NEW YORK — Sarah Palin met her first world leaders Tuesday. It was a tightly controlled crash course on foreign policy for the Republican vice presidential candidate, the mayor-turned-governor who has been outside North America just once.
Palin sat down with Afghan President Hamid Karzai and Colombian President Alvaro Uribe. The conversations were private, the pictures public, meant to build her resume for voters concerned about her lack of experience in world affairs.
"I found her quite a capable woman," Karzai said later. "She asked the right questions on Afghanistan."
The self-described "hockey mom" also asked former Secretary of State Henry Kissinger for insights on Georgia, Russia, China and Iran, and she'll see more leaders Wednesday on the sidelines of the United Nations General Assembly meetings.
It was shuttle diplomacy, New York-style. At several points, Palin's motorcade got stuck in traffic and New Yorkers, unimpressed with the flashing lights, sirens and police officers in her group, simply walked between the vehicles to get across the street. Secretary of State Condoleezza Rice, three hours behind Palin in seeing Karzai, found herself overshadowed for a day as she made her own rounds.
John McCain's presidential campaign has shielded the first-term Alaska governor for weeks from spontaneous questions from voters and reporters, and went to striking lengths Tuesday to maintain that distance as Palin made her diplomatic debut.
The GOP campaign, applying more restrictive rules on access than even President Bush uses in the White House, banned reporters from the start of the meetings, so as not to risk a question being asked of Palin.
McCain aides relented after news organizations objected and CNN, which was supplying TV footage to a variety of networks, decided to pull its TV crew from Palin's meeting with Karzai.
Overheard: small talk.
Palin is studying foreign policy ahead of her one debate with Democratic vice presidential candidate Joe Biden, a senator with deep credentials on that front. More broadly, the Republican ticket is trying to counter questions exploited by Democrats about her qualifications to serve as vice president and step into the presidency at a moment's notice if necessary.
There was no chance of putting such questions to rest with photo opportunities Tuesday.
But Palin, who got a passport only last year, no longer has to own up to a blank slate when asked about heads of state she has met.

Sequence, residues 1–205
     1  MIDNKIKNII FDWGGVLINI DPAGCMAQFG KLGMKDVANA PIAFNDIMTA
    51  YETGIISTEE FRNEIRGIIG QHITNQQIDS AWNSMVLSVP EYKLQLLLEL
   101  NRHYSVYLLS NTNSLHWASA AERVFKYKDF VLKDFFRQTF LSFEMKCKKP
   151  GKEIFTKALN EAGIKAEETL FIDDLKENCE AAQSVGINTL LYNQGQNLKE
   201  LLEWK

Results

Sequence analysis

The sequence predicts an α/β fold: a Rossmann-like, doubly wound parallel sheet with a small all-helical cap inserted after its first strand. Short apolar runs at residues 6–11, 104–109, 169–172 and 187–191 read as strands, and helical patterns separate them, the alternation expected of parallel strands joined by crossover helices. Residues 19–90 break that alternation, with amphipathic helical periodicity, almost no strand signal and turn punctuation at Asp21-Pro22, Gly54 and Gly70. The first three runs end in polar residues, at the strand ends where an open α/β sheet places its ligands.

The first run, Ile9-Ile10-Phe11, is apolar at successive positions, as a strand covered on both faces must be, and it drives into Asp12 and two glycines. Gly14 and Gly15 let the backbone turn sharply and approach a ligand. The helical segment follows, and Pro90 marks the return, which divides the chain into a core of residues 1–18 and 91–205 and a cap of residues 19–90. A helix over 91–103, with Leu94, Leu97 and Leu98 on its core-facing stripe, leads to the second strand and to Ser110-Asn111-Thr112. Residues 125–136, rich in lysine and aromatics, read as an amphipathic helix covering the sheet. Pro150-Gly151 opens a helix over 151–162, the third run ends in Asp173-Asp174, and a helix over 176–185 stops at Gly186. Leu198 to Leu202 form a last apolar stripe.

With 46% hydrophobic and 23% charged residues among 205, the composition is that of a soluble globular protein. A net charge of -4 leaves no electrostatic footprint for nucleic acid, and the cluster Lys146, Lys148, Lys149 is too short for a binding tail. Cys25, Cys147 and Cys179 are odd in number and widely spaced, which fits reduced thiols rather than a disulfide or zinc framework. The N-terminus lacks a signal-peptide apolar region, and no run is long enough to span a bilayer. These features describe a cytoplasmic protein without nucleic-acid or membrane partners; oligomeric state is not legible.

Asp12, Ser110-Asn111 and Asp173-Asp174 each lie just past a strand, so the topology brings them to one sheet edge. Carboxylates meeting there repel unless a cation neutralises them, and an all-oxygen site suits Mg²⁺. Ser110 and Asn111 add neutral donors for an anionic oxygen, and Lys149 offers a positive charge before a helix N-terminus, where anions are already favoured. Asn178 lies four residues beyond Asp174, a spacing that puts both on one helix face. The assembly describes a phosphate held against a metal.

She also got her first intelligence briefing Tuesday, over two hours.
Karzai generated light laughter when he told an audience at the Asia Society that, in addition to Rice and Norway's prime minister, he had seen Palin on Tuesday. Thomas Freston, a member of the society's board, drew loud applause and laughter when he responded: "You're probably the only person in the room who's met Gov. Palin."
Randy Scheunemann, a longtime McCain aide on foreign policy, was close at hand during her meetings. Another adviser, Stephen Biegun, also accompanied her at each meeting and briefed reporters later.
Karzai and Palin discussed security problems in Afghanistan, including cross-border insurgencies. They also talked about the need for more U.S. troops there, which both McCain and Democrat Barack Obama say is necessary, Biegun said.
With both Karzai and Uribe, Palin discussed the importance of energy security. With Uribe, the conversation also touched on the proposed U.S.-Colombian Free Trade Agreement that McCain and Palin support but Obama opposes.
Her meeting with Kissinger, which lasted more than an hour, covered a range of national security and foreign policy issues, specifically Russia, Iran and China, Biegun said.
"Rather than make specific policy prescriptions, she was largely listening, having an exchange of views and also very interested in forming a relationship with people she met with today," he said.
Before Palin's first meeting of the day, with Karzai, campaign aides had told reporters in the press pool that followed her they could not go into meetings where photographers and a video camera crew would be let in for pictures.
Bush and members of Congress routinely allow reporters to attend photo opportunities along with photographers, and the reporters sometimes are able to ask questions at the beginning of private meetings before they are ushered out.
At least two news organizations, including AP, objected to the exclusion of reporters and were told that the decision to have a "photo spray" only was not subject to discussion. After aides backed away from that, campaign spokeswoman Tracey Schmitt said the reporter ban was a "miscommunication."
On Wednesday, McCain and Palin are expected to meet jointly with Georgian President Mikhail Saakashvili and Ukrainian President Viktor Yuschenko. Palin is then to meet separately with Iraqi President Jalal Talabani, Pakistani President Asif Ali Zardari and Indian Prime Minister Manmohan Singh.
Palin, 44, has been to neighboring Canada and to Mexico, and made a brief trip to Kuwait and Germany to see Alaska National Guard troops.
Associated Press writers Frank Bajak in Bogota, Colombia, and Foster Klug in New York contributed to this report.
On the Net:
McCain campaign: http://www.johnmccain.com/
Obama campaign: http://www.barackobama.com/index.php